With the many devices and browsers people use to connect to the internet these days, designers and developers can choose between creating a responsive website design or an adaptive one. Both methods help make the site look and act great across different viewports, yet there are significant differences in their workflow and even end results.
In this post, we’ll compare responsive vs. adaptive design and examine the use cases for each approach.
The difference between responsive and adaptive web design
At their core, responsive and adaptive design accomplish the same thing. They enable web designers to make a website look good and perform as intended regardless of how wide or narrow the screen is that it’s viewed on.
What is responsive design?
The basic idea behind responsive design is that the website design fluidly adjusts to fit any browser or screen it’s viewed in.
Responsive websites scale to achieve an optimal fit for the available viewport size. When browsing a responsive website (like this one), you can drag to resize your browser window on desktop, and see how it rearranges its design and content accordingly.
Responsive web design was first introduced in 2010, in Ethan Marcotte’s article “Responsive Web Design”. In it, he correctly anticipated a shift in devices that would be used to access the web and, as a result, proposed a new device-centric way of designing websites.
In order to create a website that’s truly responsive, a designer must make careful adjustments to the website’s various breakpoints and how it resizes itself and its layout. This functionality can be coded into a website with CSS media queries or using advanced creation platforms like Editor X.
What is adaptive design?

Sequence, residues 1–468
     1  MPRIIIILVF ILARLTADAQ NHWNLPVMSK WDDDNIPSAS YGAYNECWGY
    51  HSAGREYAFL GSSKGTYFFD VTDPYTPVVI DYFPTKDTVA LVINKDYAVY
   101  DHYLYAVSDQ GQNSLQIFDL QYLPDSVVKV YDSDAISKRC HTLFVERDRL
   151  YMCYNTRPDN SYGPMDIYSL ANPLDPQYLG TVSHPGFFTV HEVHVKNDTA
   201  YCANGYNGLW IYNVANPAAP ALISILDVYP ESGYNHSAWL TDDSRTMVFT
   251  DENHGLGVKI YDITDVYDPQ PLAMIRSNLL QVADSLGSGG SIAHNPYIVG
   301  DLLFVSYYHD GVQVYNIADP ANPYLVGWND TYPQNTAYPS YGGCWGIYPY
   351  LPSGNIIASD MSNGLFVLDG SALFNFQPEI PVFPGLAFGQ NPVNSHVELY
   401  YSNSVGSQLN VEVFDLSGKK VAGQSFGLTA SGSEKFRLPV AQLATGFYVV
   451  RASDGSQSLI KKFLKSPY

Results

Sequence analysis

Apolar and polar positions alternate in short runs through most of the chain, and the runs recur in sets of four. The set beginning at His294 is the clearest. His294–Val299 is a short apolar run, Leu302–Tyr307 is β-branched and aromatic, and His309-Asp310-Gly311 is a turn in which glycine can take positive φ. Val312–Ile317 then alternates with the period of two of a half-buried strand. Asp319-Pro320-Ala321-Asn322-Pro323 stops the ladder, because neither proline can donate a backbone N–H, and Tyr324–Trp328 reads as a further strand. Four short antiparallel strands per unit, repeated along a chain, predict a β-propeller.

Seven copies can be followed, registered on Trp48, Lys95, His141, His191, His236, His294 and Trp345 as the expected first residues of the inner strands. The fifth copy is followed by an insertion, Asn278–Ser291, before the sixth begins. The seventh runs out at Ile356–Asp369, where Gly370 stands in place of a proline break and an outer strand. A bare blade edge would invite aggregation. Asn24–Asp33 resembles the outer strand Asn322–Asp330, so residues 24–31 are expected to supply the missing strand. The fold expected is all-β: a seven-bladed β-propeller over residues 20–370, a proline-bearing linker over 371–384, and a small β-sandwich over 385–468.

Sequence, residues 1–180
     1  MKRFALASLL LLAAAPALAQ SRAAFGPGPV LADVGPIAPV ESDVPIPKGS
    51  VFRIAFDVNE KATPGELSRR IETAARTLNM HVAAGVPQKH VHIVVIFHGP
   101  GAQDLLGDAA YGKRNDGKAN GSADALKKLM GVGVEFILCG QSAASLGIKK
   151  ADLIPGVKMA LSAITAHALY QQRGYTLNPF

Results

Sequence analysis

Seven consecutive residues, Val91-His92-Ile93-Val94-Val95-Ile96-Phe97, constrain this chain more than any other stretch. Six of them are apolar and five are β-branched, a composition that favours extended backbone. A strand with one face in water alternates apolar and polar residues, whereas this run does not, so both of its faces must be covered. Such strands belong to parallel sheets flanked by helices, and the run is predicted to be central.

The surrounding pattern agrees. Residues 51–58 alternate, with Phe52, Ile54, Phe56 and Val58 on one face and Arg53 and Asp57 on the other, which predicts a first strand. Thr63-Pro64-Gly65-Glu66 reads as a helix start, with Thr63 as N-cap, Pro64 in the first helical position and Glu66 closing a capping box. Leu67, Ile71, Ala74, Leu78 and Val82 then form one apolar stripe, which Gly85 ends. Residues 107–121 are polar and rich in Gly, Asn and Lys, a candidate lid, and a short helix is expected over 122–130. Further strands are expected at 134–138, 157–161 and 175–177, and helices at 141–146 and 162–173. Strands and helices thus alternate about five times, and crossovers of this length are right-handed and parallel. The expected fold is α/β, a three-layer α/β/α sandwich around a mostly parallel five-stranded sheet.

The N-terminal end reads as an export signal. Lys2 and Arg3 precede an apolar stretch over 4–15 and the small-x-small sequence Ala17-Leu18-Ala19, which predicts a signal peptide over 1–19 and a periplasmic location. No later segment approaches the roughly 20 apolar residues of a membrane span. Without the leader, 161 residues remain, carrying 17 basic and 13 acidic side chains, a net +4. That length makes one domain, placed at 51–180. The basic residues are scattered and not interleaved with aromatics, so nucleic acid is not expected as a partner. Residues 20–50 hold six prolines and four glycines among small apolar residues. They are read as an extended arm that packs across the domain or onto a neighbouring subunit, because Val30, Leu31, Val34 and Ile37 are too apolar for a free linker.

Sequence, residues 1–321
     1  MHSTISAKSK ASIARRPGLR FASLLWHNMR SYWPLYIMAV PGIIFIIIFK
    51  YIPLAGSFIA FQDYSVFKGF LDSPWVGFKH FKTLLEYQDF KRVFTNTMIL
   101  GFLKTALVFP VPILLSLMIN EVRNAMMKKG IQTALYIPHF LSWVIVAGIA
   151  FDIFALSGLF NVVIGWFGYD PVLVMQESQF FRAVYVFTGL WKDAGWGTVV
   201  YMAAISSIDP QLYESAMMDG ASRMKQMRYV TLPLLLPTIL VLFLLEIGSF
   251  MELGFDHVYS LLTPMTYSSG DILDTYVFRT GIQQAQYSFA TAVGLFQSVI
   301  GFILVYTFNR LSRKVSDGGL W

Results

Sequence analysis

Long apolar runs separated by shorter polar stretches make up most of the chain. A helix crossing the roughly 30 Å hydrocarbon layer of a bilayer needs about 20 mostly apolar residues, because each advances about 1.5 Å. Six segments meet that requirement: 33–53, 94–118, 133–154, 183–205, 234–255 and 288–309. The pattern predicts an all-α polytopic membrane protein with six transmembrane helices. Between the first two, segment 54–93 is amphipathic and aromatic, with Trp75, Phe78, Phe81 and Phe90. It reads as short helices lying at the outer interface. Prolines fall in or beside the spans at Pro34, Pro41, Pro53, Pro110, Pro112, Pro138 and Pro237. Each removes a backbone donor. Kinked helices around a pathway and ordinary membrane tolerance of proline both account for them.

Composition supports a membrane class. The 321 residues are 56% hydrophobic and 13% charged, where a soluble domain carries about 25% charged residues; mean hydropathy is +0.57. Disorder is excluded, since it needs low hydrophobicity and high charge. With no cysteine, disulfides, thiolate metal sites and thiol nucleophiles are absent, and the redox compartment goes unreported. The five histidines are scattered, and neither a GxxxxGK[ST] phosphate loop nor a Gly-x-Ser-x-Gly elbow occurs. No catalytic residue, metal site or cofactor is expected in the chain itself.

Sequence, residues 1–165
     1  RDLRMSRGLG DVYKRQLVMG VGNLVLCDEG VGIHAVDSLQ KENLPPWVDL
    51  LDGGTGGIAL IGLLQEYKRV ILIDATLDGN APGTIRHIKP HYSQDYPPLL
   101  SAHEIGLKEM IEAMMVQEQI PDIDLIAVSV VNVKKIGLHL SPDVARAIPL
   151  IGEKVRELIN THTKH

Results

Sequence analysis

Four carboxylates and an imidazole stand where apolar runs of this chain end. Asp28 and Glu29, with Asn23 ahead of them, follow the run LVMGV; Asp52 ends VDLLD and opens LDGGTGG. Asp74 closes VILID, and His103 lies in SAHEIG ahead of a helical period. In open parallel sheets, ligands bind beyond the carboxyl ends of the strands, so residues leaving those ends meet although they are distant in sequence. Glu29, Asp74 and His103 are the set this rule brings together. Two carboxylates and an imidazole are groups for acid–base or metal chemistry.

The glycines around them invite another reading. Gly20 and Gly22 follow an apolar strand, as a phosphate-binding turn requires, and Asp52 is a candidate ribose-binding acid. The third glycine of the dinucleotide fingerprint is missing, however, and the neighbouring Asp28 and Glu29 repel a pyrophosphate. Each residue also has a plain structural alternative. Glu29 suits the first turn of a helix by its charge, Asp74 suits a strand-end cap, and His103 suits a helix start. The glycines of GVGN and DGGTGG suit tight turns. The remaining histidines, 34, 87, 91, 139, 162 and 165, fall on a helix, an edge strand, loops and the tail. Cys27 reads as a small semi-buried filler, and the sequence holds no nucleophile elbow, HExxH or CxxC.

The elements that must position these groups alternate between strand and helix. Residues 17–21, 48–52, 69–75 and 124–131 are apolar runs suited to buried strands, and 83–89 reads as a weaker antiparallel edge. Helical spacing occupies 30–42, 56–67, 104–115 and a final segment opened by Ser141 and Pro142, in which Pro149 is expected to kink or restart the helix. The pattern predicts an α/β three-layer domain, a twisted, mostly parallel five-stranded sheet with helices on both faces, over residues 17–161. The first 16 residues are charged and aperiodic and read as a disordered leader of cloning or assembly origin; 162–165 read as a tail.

With adaptive design, a website snaps into place using static designs that match the current width of the browser.
Unlike responsive design which is a single website design that rearranges its content to best fit each new viewport, adaptive design uses multiple versions of a website for each device.
This is accomplished by developing a selection of fixed layouts for the most common browser breakpoints: 320, 480, 760, 960, 1200, and 1600 pixels. When someone visits an adaptive site, it will choose the corresponding layout out of the ones created.
Aaron Gustafson introduced the concept of adaptive web design in 2011 in his book Adaptive Web Design: Crafting Rich Experiences with Progressive Enhancement. His goal was to teach designers and developers how to create truly accessible, usable, and future-proof websites.
Responsive vs. adaptive: How do they compare?
In responsive design, the design is relative to the screen dimensions. This means that the layout, sizing and measuring units are fluid and relative, helping to create a design that seamlessly adjusts to any viewport.
Web designers use tools such as grid, responsive measuring units (like percent, viewport height and width, and minimum and maximum values) and more to ensure that their layout can change across browsers and devices.
There are also technologies like flexbox that can auto-stack and wrap the content and layout. Flexbox is a CSS container created around elements so that they’re arranged automatically depending on screen size. It's a helpful tool in responsive design that keeps things organized and prevents elements from overlapping or changing their order.
In adaptive design, designers create a tailor-made layout for each of the selected breakpoints. As a result, an adaptive site realistically ends up with 6 different versions of the site: